CLINTON — Aware of the current jail's inadequacies, Clinton County officials hope a needs assessment study will shed light on what they need to have a suitable county correctional facility.
The Clinton County Justice Coordinating Commission on Friday issued a request for proposal for a jail needs assessment and consulting services.
"This is a big piece in the jail planning process. It's a very long process. So, this will get the ball rolling," Justice Coordinating Commission Coordinator Brian McKenrick said. "We're looking to hire a consultant to come in, advise us based on our jail population, how we've stabilized it over the past several years. Now we can project out what our jail bed needs will be over the next 20, 25 years."
The current jail, which was built in 1969, has 44 beds, including a six bed work release area. There are an additional 10 beds available as temporary housing for less than 24 hours.
In 2012, the jail had 1,865 bookings with an average daily population of 38.63, the lowest it has been in nearly a decade.
Clinton County Sheriff Rick Lincoln said the jail's declining population is the result of a concerted effort on the part of people involved in the county's justice system.
"We have wrung the efficiencies out of the system," Lincoln said. "In other words, everyone who is in jail, needs to be in jail."
Even with the lower population, the jail structure does not meet the county's standards. A 2008 study by the National Institute of Corrections identified a number of deficiencies with the structure itself, regardless of population.
"We know the jail is inadequate," Lincoln said. "I want some good projections so we can have a conversation with our citizens to tell them what we need and why."
Firms will need to break their submissions into four packages. The first package will be the jail needs assessment. The selected consultant will examine the current jail population as well as the growth and crime trends, law changes and other factors that could affect how many offenders will be detained in the jail and the length of their stays.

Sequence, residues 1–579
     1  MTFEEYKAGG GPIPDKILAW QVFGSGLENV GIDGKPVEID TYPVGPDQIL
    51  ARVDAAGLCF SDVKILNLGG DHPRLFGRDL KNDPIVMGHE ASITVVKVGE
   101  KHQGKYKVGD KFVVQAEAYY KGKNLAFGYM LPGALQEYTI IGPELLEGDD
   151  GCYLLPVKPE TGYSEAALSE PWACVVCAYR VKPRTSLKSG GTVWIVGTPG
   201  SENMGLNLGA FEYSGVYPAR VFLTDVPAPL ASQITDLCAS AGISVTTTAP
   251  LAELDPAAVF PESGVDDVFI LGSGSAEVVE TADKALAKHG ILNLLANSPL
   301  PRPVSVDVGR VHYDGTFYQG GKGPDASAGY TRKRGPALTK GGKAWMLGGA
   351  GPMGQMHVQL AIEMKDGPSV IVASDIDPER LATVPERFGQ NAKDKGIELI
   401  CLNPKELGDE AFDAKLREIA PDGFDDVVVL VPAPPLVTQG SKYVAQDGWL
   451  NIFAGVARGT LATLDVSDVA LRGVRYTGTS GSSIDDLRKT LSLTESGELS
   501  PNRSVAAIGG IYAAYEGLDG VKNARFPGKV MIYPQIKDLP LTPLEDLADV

The consultant will also need to study the inmate population, including race, ethnicity and gender demographics. This information will be used when developing the design for what will be needed in the county jail.
The chosen firm will forecast facility capacity requirements in five-year increments for a minimum of 20 years. The forecast will be broken down to show the space needed for the different inmate areas such as intake, infirmary and housing areas. The consultant should make a similar forecast for the sheriff's office and include the costs related to what is forecast.
The second package is for facility development consulting services.
The third and fourth packages call for the consultant to examine consolidation with other emergency agencies. First, the consultant will look at the communications center including the possibility of a joint-use facility between the sheriff's office and the communications center.
The consultant will also be asked to review the 2003 space needs assessment of the Clinton Police Department and identify potential areas for consolidation if a joint city-county project were pursued.
"If there are efficiencies with this project we want to explore those," McKenrick said.
The Justice Coordinating Commission has budgeted for the study for a number of fiscal years, with the unused funds returned to the general fund. The commission also has budgeted money for the study this year, although it will not know how much it will cost until the proposals are received May 31.
Once the study is complete, McKenrick said county officials can move forward with a clearer vision for the jail.
"When this is complete, we will have a better idea what size of a facility and cost so we can go to the voters with a more concrete idea of what we need," McKenrick said. "We're not locked into anything that comes out of the study. We're exploring and getting more information to do outreach and get feedback from the citizens."
The layout The current jail, which was built in 1969, has 44 beds, including a six bed work release area. There are an additional 10 beds available as temporary housing for less than 24 hours.